HR Group, founded in Edmonton Alberta in 1993, is a partnership of highly experienced management consultants who specialize in organizational effectiveness and human resource management, and promote participative, lean, and cost-effective management practices. All partners are Certified Human Resource Practitioners with extensive senior level experience in both the private and public sectors.

Why Managers Get Fired

Reprinted from “Productive Workplaces” (April, 2004), the HR Group newsletter.

Managers traditionally required technical competence in one field or another. General organizational and people management competencies did not matter as the traditional management style has been to control what employees do, how they do it and every other aspect of their work. Managers today, however, must be able to create and sustain an organizational culture where employees take ownership of their work, problem solve, and display initiative and creativity. This requires a democratic style of management and a whole different set of competencies. It is the lack of such competencies that is the primary reason, in our experience, why managers get fired.

We are not talking about managers being fired because of a personality clash or difference of opinion with a new boss or a new board or council. This type of termination, fair or not, is an unfortunate, but ongoing part of corporate life. What we are discussing here are the main reasons that managers are legitimately, in our opinion, fired for poor performance.

The reasons listed below are, of course, highly interrelated, and where you find one, you are likely to find many of the others. All could be grouped, for example, under the heading of “Failure to create and sustain a productive organizational culture.” We have provided some separation of the reasons, however, so as to more clearly identify and discuss them.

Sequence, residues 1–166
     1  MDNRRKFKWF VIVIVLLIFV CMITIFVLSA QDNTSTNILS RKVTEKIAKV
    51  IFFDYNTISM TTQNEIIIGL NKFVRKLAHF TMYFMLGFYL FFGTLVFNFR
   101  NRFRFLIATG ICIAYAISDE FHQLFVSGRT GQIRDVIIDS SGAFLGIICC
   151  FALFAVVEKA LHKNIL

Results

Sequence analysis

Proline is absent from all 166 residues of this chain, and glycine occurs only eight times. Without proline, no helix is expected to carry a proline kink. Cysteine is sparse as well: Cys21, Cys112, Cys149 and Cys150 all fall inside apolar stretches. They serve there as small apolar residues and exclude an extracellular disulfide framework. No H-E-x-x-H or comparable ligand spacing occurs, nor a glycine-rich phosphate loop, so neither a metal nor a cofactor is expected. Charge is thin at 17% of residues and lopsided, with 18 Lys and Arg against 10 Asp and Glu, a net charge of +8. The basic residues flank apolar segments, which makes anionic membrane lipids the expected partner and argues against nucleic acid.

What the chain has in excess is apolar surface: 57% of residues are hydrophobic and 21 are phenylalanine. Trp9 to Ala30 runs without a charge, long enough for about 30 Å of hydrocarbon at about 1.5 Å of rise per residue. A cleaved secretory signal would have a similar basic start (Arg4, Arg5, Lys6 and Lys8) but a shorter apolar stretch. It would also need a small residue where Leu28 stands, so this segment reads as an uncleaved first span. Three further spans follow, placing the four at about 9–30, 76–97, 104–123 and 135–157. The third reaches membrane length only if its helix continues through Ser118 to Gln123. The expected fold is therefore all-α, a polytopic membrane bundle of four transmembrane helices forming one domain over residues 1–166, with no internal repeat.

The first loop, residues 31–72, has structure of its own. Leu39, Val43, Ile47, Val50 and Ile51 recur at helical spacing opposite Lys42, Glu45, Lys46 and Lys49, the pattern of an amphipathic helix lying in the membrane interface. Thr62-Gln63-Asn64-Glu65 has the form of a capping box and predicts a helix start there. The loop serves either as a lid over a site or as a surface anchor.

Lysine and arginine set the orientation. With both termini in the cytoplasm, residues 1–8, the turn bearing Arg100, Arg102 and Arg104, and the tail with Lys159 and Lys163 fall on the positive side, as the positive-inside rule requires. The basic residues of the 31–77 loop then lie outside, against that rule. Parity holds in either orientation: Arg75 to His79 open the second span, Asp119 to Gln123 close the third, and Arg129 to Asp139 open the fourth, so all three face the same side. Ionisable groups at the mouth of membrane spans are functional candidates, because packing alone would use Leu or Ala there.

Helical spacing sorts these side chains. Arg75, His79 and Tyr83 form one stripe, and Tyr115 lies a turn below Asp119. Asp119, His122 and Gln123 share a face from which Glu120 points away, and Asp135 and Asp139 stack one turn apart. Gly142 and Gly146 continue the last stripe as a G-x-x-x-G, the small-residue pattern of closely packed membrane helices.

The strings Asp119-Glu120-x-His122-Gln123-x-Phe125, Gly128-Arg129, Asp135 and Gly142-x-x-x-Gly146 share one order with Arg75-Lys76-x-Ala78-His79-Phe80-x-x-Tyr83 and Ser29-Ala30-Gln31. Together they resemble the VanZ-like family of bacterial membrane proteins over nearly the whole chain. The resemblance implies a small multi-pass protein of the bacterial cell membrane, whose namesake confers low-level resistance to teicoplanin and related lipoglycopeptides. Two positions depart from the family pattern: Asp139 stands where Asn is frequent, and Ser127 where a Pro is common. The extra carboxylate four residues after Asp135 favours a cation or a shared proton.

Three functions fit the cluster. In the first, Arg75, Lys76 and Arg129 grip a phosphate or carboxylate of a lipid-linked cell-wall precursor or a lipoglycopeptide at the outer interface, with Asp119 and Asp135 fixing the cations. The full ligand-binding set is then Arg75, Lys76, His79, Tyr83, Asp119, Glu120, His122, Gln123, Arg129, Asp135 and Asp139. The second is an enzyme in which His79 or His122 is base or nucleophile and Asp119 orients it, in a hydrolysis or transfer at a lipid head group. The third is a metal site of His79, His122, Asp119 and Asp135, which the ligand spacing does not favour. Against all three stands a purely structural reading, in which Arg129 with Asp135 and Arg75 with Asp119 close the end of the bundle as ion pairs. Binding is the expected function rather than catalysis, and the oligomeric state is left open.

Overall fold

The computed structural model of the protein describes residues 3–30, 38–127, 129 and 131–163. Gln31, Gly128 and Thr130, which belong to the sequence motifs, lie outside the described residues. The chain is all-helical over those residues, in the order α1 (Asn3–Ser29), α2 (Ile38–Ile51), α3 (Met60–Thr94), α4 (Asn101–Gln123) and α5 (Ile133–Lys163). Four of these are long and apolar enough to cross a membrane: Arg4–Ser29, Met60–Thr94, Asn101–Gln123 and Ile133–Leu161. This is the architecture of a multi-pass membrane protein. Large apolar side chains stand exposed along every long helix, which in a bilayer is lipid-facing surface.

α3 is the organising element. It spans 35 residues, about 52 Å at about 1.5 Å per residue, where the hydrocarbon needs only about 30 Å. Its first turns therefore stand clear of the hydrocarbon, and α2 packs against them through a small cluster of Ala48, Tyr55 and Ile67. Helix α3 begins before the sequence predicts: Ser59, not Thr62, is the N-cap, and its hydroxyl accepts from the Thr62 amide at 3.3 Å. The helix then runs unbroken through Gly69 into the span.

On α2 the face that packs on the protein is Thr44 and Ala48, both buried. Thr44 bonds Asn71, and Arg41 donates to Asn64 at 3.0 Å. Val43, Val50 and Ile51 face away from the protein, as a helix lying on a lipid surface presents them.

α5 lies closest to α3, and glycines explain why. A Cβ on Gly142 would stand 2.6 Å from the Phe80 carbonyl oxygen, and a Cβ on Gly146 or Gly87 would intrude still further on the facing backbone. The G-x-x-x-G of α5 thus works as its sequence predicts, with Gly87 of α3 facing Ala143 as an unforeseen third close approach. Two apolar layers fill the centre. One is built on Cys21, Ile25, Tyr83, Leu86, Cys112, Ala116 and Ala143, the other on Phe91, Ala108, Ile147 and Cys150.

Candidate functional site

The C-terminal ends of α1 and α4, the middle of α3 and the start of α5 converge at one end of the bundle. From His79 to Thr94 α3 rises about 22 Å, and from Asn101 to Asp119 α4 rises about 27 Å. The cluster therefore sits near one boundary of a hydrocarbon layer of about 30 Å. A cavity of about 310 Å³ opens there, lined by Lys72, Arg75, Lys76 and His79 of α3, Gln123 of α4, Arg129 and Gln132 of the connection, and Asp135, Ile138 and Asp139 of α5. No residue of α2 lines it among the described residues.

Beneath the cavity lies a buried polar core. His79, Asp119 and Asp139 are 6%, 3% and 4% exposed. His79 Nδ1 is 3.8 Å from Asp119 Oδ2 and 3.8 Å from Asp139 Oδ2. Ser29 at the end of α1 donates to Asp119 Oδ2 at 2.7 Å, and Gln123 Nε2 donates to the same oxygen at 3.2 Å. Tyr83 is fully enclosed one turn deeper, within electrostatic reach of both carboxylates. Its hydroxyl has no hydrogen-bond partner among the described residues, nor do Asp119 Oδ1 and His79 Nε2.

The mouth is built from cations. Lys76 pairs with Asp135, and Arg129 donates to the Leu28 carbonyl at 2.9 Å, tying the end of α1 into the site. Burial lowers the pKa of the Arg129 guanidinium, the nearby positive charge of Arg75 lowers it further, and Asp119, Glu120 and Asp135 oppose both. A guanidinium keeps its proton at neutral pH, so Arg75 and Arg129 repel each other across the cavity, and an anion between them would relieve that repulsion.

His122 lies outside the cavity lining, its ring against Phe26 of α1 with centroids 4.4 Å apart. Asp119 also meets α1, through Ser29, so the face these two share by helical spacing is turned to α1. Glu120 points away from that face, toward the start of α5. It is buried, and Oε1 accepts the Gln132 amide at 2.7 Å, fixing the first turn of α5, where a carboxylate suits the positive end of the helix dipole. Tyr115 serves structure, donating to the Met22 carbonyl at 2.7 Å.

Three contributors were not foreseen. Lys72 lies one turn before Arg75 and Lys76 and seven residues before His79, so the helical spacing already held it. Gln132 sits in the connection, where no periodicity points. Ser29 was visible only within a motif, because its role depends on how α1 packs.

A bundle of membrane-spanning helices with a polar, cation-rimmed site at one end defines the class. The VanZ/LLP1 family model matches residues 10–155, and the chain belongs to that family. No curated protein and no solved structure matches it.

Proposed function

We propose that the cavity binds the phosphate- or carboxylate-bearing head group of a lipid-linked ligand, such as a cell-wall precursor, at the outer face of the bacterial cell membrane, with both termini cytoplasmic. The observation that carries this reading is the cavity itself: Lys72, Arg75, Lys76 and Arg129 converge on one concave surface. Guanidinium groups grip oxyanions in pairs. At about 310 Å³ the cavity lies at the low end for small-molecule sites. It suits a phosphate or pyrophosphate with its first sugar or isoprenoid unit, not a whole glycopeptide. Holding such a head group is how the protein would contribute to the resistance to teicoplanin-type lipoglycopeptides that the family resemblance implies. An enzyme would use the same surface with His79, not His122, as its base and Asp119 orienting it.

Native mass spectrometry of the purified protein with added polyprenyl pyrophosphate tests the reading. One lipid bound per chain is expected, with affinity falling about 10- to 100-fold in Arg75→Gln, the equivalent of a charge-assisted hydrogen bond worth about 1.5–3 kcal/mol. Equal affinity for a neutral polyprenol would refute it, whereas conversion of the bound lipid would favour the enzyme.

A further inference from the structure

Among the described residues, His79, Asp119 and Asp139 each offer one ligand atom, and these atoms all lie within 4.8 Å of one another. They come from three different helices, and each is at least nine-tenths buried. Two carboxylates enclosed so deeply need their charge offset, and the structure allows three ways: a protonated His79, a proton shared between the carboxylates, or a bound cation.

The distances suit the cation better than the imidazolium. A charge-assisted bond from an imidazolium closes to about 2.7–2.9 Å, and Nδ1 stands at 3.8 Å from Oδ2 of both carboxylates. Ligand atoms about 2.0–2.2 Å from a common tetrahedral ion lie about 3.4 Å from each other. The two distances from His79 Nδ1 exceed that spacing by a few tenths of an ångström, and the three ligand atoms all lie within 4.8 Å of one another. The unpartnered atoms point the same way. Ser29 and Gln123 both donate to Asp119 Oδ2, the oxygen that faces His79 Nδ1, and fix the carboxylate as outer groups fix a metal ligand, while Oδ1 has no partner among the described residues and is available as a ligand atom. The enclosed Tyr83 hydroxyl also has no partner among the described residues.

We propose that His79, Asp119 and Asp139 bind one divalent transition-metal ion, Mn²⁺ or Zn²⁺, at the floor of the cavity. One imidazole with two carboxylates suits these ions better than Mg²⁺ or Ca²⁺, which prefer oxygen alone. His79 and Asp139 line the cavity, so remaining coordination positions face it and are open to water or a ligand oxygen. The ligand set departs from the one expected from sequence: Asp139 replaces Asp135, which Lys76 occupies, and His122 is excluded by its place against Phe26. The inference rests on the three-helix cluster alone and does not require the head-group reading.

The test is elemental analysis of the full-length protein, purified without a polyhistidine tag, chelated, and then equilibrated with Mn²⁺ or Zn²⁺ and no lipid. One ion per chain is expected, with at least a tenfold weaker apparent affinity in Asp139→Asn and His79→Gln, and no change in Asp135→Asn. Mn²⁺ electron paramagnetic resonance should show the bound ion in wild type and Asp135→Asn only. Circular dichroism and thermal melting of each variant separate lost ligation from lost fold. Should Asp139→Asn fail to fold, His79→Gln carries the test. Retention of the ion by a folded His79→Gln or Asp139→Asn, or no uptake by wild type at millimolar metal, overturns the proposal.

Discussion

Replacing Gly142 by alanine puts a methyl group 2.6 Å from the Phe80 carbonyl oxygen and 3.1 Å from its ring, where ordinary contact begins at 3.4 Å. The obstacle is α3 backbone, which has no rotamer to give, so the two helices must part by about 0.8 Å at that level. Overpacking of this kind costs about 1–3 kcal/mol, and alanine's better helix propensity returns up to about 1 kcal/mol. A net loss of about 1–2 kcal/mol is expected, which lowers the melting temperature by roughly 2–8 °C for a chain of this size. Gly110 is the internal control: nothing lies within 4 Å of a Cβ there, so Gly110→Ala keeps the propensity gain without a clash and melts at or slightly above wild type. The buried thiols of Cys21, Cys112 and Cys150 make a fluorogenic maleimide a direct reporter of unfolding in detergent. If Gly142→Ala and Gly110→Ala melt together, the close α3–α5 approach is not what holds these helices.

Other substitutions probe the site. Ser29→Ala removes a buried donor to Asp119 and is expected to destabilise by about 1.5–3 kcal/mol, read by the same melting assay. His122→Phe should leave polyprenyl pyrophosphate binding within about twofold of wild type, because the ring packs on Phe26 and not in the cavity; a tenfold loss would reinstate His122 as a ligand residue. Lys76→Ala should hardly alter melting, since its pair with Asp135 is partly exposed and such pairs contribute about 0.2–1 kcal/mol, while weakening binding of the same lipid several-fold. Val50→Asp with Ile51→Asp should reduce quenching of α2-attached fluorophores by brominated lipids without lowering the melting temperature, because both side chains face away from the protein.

There is one primary reason from our experience that stands out over all others and that is the failure to resolve staff performance issues. Ignoring poor performance, lack of “fit” or position redundancy does nothing to help the individual concerned or the organization and is by far the number one problem that we encounter as consultants. We are continually amazed at how many managers do not deal with performance issues. The reluctance is understandable as no one enjoys dealing with such issues, but the responsibility is a fundamental aspect of any manager’s or leader’s position. To be a manager requires that this responsibility be fully met at all times.

Creating and sustaining a productive organizational culture requires ongoing performance management. It requires constant care and attention to ensure that all employees fit the desired culture. It necessitates time and commitment in communicating organizational goals and requirements, discussing performance expectations, providing relevant feedback, training, and coaching and in every manner possible facilitating the optimum performance of all staff. It may also require discipline and termination. Managers who abdicate this responsibility fully deserve to be fired.

Failure to create a fully participative and productive workplace is another key reason for poor management performance. There are many aspects to this: